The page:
To this end, here we introduce a simple yet universal design strategy, namely, a diffractive neural network^{17}, to realize all seven basic optical logic operations in a compact system, simply using plane waves as the input signal. The diffractive neural network is implemented by a compound Huygens’ metasurface^{18}, and it can partially mimic the functionality of an artificial neural network. After training, the compound metasurface can directionally scatter or focus the input encoded light into one of the two designated small areas/points, one of which represents logic state ‘1’ and the other stands for ‘0’. As a conceptual demonstration, three basic logic gates, i.e., NOT, OR, and AND, are experimentally verified using a twolayer highefficiency dielectric metasurface at microwave frequency. Our design strategy features two distinct advantages. First, the realization of optical logic operations here gets rid of the complicated and necessarily precise control of the features of input light; such a scheme is thus totally different from previous works. Moreover, the design of the input layer is very general and powerful, and it can be flexibly modified into other userfavoured and programmable forms. Second, the proposed strategy can enable complete logic functionalities in a single optical network if the transmittance state of the input layer is dynamically tuneable, e.g., electrically tuneable if the optical mask is constructed by a spatial light modulator. Therefore, the revealed universal design strategy has the potential to facilitate a single miniaturized programmable photonic processor for arbitrary logic operations.
Results
Design principle and underlying physics of the optical logic operation
We start with the design principle of the optical logic operation. For binary optical logic operation, the output has only two cases, ‘1’ or ‘0’, which is very similar to a classification/decisionmaking task from the perspective of machine learning^{19} and can be readily tackled by an artificial neural network; Supplementary Note 1 verifies the theoretical feasibility. Analogous to an artificial neural network (Fig. 1a), in the optical regime, a diffractive neural network (composed of one input layer, at least one hidden layer and one output layer) has been found to allow powerful wavefront manipulation and communicate information among layers at the speed of light. As delineated in Fig. 1b, the input layer is a common optical mask and is patterned to form multiple regions. Without loss of generality, each region in the optical mask is set to have two different states for the transmittance of light, and its high (low) transmittance state indicates that it is (is not) selected for optical computing. Then, it is possible and convenient to directly define all seven basic optical logic operators and the input logic states in the optical mask, simply by assigning each of them to a specific region. The hidden layers are designed to decode the encoded input light and image the calculated result at the output layer.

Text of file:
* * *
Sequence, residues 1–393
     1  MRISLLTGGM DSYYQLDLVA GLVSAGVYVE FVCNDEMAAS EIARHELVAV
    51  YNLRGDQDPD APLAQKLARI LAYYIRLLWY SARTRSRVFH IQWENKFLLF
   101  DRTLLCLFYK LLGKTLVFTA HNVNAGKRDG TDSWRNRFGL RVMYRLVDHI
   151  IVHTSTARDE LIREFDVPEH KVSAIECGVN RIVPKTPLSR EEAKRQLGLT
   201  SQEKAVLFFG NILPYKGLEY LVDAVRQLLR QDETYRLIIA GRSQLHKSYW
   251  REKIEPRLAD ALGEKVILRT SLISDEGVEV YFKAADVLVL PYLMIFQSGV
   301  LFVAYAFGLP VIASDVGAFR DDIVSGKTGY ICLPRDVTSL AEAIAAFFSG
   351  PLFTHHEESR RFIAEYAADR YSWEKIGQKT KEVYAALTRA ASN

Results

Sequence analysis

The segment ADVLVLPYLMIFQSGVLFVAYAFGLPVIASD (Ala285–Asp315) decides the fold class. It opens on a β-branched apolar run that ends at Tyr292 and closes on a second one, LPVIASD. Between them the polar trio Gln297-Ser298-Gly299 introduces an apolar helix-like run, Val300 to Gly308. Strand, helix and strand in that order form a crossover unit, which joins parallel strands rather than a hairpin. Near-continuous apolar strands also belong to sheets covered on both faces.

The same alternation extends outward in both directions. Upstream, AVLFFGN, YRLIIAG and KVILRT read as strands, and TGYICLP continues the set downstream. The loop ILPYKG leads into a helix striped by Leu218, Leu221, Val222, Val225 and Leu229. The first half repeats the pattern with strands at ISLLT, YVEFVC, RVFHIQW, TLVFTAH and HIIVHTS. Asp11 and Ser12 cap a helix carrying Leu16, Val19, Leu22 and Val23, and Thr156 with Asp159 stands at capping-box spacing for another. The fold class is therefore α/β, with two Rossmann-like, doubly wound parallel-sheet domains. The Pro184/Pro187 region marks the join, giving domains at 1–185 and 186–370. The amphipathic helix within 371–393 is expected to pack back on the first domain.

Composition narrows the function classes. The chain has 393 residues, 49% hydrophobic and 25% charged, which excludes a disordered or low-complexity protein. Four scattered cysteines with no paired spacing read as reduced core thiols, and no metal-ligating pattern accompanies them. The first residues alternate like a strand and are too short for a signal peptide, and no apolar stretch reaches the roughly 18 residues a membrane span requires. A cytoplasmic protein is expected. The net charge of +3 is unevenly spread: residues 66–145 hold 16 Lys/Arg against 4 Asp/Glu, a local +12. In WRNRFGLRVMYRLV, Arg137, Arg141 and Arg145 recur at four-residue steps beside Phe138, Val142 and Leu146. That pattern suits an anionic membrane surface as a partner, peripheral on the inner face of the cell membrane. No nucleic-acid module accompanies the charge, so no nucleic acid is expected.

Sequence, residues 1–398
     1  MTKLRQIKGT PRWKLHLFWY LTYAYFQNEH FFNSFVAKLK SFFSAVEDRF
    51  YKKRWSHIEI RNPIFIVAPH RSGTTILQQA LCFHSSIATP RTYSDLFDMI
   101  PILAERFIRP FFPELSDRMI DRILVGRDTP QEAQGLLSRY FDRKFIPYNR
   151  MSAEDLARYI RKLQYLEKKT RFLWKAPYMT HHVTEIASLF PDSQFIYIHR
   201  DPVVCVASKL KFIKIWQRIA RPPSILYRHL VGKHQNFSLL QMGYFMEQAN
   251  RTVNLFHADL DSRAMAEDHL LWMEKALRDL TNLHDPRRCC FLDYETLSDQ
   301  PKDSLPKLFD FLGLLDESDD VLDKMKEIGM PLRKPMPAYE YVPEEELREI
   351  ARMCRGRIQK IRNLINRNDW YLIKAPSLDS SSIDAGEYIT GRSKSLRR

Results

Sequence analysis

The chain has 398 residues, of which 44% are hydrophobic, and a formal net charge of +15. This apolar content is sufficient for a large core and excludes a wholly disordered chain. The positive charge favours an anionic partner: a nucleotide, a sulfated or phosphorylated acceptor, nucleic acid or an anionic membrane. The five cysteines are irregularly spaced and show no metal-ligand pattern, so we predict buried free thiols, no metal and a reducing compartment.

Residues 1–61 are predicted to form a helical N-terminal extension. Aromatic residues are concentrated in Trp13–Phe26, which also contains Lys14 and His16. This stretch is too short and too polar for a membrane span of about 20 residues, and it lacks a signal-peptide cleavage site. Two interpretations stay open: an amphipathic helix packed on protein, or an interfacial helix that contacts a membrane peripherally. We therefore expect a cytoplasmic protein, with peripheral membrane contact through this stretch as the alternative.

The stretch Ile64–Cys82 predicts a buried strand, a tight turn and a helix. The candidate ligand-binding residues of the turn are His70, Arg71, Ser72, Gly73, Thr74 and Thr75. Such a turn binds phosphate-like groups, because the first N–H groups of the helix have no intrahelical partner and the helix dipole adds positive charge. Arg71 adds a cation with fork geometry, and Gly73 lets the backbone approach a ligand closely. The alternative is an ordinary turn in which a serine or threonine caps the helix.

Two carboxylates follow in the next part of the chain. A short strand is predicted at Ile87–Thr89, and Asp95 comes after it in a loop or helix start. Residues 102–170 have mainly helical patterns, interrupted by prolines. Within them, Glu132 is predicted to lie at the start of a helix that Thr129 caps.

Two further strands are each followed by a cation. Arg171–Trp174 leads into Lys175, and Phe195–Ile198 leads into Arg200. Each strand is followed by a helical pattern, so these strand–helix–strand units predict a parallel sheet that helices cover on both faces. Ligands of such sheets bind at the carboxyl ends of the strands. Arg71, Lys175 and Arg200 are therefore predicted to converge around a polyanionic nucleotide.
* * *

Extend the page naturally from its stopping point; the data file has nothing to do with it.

We then progress to the introduction of the underlying physics of the design of hidden layers. We use a metasurface made up of a dense array of subwavelength metaatoms to construct each hidden layer. Each metaatom behaves like an independent neuron in the neural network and interconnects to other metaatoms of the following layers through the diffraction of light. Based on Rayleigh–Sommerfeld diffraction^{20}, the metaatom/neuron in the lth hidden layer, e.g., located at \(\vec r_i^l = \left( {x_i^l,y_i^l,z_i^l} \right)\), serves as a secondary source. The Huygens wavelet of such a source arises as a zderivative of the spherical wave (Fig. 1b) and can be described by \(H_z^{{\mathrm {Huy}}}\left( {\vec r  \vec r_i^l} \right) = G\left( {\vec r_i^l} \right) \cdot h_z^{{\mathrm {Huy}}}\left( {\vec r  \vec r_i^l} \right)\), where
In Eq. (1), \(R = \sqrt {\left( {x  x_i^l} \right)^2 + \left( {y  y_i^l} \right)^2 + \left( {z  z_i^l} \right)^2}\), and k is the wavevector of light in free space. The complexvalued factor \(G\left( {\vec r_i^l} \right)\) is determined by the product of the input wave \(u\left( {\vec r_i^l} \right)\) to the neuron and its transmission coefficient \(t(\vec r_i^l)\), i.e., \(G\left( {\vec r_i^l} \right) = u\left( {\vec r_i^l} \right) \cdot t(\vec r_i^l)\). As such, the total propagation field \(u\left( {\vec r} \right)\) is the summation of the field excited by all neurons in the lth layer, and it can be expressed as
For the first hidden layer with l = 1, \(u\left( {\vec r_i^1} \right)\) is the transmitted light spatially encoded by the input layer.